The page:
Similarly, in a sarcastic report on how "in an effort to persuade Congress to defeat President Reagan's request for new aid to the contras, the Sandinista Government has mounted a campaign of good deeds," Kinzer writes that "the Government's campaign against contra aid is receiving strong support from one quarter -- the estimated 2,000 Americans who live in Nicaragua" (my emphasis). He proceeds to quote a number of Americans working in Nicaragua, the insinuation being obvious, though Kinzer knows that opposition to contra aid is overwhelming; the polls that he did not report, after long claiming that polls are illegal, show 85 percent opposed to contra aid and 9 percent in favor -- perhaps the same 9 percent that supported all opposition parties.151
In El Salvador, where the image to be conveyed is the opposite, the method of sampling is reversed. Thus, in discussing growing anxiety in El Salvador, James LeMoyne quotes government officials, an army officer, a young businessman, an unidentified visitor, the guests at "a dinner of upper-class businessmen and their wives," a painter "in his spacious studio," and an American official -- but no one in the slums, refugee camps, or villages, who might have rather different concerns in the "fledgling democracy." Their actual concerns can be discovered outside the bounds of the Free Press, in public opinion surveys and responses to the Church-organized National Debate, unreported as we have seen.152
Rather similar conceptions of "the people" are often to be found in domestic reporting. Clyde Farnsworth reports from Washington on the U.S. embargo against Nicaragua, which "Appears of Little Effect," the headline assures us; in reality, it achieved its predicted effect of destroying private enterprise and reducing the economy to bare survival, but the Party Line requires that all problems be attributed to Sandinista incompetence and malevolence. "Those opposing the embargo," Farnsworth reports, say that it will not achieve U.S. goals. But all agree that the sanctions "will be in place a long time," because "by and large leading multinational companies have not been affected." "No important domestic [U.S.] constituency has been seriously hurt by the trade rupture, and therefore no one is arguing strenuously that it be mended" (my emphasis). Here the phrase "no one" is to be understood in the conventional sense of "no one who counts." A great many people were calling for ending of these -- literally murderous -- measures, not on grounds of harm to themselves, and doing so quite strenuously. They continued to do so after the embargo was declared unlawful by the World Court to no effect and with little notice. But they do not conform to the dictates of the powerful, so they fall under the category of nonpersons for the independent media.153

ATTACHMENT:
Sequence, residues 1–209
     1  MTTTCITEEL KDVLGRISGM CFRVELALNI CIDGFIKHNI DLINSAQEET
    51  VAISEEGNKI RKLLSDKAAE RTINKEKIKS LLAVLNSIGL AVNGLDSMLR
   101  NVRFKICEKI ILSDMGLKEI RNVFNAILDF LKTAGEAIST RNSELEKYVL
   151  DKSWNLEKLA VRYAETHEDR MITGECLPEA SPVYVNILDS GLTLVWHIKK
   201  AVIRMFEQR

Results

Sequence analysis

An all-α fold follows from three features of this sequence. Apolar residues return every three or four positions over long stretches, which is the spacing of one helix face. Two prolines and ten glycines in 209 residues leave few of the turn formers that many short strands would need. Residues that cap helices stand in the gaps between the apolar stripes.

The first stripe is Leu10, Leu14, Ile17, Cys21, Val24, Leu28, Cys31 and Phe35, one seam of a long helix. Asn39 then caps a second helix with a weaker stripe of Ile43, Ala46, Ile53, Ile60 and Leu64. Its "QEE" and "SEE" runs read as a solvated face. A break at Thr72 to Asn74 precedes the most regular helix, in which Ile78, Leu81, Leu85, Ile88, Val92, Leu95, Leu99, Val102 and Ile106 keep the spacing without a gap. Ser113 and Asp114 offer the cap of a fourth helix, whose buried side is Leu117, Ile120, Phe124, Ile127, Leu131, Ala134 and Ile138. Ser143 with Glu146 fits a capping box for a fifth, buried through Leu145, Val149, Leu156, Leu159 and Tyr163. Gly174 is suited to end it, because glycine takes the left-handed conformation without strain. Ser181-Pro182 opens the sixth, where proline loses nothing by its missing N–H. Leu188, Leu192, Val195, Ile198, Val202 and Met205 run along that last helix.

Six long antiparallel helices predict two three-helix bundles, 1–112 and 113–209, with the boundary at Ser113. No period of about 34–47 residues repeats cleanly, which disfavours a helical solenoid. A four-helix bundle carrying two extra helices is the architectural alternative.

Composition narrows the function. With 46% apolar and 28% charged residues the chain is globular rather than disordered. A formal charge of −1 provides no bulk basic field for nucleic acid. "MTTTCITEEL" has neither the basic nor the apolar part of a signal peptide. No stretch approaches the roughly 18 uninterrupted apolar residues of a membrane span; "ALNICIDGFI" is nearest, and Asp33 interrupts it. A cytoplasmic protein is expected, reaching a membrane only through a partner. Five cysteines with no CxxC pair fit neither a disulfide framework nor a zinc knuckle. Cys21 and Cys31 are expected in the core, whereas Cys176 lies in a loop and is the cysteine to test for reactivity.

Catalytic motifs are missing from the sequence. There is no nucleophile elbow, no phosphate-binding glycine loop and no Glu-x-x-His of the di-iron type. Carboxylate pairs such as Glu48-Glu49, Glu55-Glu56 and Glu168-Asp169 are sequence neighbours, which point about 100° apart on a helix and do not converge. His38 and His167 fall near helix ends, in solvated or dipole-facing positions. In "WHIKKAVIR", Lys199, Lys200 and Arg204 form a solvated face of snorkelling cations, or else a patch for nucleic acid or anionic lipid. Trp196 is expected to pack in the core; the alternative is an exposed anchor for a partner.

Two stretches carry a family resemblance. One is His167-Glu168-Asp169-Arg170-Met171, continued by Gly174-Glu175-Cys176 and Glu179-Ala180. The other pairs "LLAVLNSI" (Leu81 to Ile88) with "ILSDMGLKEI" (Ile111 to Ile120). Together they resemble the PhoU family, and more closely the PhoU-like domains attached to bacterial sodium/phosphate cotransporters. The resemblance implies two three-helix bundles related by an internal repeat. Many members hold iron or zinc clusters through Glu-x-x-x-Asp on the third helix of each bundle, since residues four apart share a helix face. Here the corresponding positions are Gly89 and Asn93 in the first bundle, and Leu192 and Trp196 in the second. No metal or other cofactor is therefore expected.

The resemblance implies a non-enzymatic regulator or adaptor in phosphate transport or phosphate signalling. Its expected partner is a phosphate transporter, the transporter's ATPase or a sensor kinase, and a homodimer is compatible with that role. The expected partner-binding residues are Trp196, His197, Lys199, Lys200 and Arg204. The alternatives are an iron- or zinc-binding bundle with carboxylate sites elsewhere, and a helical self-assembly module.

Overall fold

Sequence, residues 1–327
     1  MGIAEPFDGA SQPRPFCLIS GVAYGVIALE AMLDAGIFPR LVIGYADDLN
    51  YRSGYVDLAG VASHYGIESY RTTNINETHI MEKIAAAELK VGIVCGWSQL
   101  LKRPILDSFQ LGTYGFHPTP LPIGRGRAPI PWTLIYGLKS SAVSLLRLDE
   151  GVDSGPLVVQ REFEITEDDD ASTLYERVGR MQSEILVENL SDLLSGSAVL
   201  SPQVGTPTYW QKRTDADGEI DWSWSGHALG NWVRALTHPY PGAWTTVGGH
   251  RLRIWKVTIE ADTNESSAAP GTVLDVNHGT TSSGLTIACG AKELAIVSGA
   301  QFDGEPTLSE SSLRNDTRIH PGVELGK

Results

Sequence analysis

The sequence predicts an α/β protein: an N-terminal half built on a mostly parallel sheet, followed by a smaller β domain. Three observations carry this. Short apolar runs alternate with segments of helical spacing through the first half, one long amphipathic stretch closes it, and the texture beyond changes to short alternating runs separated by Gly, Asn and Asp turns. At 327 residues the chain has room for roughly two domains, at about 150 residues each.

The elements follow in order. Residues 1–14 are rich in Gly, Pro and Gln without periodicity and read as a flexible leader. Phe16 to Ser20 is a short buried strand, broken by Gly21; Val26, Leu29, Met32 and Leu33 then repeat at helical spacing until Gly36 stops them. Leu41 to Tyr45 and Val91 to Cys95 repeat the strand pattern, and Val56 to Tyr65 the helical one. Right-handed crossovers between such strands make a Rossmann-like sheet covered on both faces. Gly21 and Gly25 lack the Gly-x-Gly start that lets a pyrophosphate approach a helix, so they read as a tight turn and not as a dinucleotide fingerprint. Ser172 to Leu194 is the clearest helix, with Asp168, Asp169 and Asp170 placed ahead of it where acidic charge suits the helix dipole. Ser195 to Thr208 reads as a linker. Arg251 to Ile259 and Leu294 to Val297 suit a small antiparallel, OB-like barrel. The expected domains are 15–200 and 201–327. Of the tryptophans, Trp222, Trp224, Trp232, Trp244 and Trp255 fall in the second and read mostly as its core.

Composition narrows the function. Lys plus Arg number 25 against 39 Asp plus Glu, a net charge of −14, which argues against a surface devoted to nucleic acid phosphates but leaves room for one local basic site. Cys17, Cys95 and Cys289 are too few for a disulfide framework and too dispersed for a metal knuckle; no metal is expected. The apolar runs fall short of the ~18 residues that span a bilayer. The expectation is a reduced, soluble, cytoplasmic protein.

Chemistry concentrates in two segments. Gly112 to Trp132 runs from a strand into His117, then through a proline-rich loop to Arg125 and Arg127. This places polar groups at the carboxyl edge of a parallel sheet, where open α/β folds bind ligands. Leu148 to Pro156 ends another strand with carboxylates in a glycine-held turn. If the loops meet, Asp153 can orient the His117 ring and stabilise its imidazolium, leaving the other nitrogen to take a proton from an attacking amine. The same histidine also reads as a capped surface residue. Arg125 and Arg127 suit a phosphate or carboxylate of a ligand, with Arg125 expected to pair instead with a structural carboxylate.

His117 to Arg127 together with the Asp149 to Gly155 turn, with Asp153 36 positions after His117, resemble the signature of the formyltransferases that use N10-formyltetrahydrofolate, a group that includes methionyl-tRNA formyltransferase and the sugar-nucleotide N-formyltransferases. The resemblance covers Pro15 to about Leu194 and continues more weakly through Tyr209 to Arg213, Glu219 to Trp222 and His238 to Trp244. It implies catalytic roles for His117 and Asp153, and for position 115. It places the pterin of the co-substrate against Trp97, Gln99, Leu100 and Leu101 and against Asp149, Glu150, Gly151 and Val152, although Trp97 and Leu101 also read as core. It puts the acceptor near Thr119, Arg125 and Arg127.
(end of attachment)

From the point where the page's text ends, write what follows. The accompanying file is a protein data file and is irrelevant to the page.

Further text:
A related technique is selective quotation of such figures as Oscar Arias. He receives wide coverage when he denounces the Sandinistas. Sometimes, however, he joins José Figueres beyond the pale. During the government-media campaign to focus the peace accords on negotiations between what the Times calls the two Nicaraguan "factions," Stephen Kinzer reported that neither side shows a "willingness to compromise," noting Ortega's insistence that "the negotiations would cover only technical aspects of how the contras would lay down their weapons and receive supplies while they prepare to stop fighting" -- exactly as required by the peace accords, he failed to add. He did not report Arias's view that "the agenda should be restricted to reaching a ceasefire. It will not be a political dialogue in which you can introduce any topic." Kinzer is, of course, aware that "the Central America peace accord signed in August does not require governments to negotiate political matters with armed groups," as he had observed a few weeks earlier, but these facts were quite regularly omitted in commentary on Sandinista "intransigence."154
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146 Kinzer, NYT, Oct. 3, 1987; on the polls, see p. 242.
147 "Full Amnesty Seen as Test for Managua," Sept. 10, 1987; "Life on a Cooperative: `A Little Better Off'," Sept. 7, 1987. On fact and fancy concerning political prisoners, see my article in Z Magazine, Jan. 1988.
148 Gutman, Banana Diplomacy (Simon and Schuster, 1988, 371).
149 NYT, Nov. 8, 1987.
150 Christian Science Monitor, Nov. 9, 1987.
151 Kinzer, NYT, Jan. 31, 1988.
152 See appendix IV, section 5. LeMoyne, NYT, June 15, 1988.
153 NYT, Nov. 10, 1985.
154 Kinzer, Dec. 4; Jonathan Steele, interview with Arias, Guardian (London), Nov. 17; Kinzer, Nov. 15, 1987.